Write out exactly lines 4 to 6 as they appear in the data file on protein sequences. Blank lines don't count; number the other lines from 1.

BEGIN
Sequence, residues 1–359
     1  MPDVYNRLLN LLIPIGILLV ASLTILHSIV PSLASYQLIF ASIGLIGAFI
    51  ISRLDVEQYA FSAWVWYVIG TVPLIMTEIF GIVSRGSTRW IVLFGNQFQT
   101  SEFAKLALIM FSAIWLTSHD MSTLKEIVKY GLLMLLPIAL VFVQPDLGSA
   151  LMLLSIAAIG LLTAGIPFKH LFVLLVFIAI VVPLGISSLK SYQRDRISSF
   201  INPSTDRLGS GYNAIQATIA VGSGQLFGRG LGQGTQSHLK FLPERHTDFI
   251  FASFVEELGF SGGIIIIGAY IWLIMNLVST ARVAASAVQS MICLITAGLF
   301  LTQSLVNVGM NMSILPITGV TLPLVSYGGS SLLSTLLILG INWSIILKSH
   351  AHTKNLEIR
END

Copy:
   101  SEFAKLALIM FSAIWLTSHD MSTLKEIVKY GLLMLLPIAL VFVQPDLGSA
   151  LMLLSIAAIG LLTAGIPFKH LFVLLVFIAI VVPLGISSLK SYQRDRISSF
   201  INPSTDRLGS GYNAIQATIA VGSGQLFGRG LGQGTQSHLK FLPERHTDFI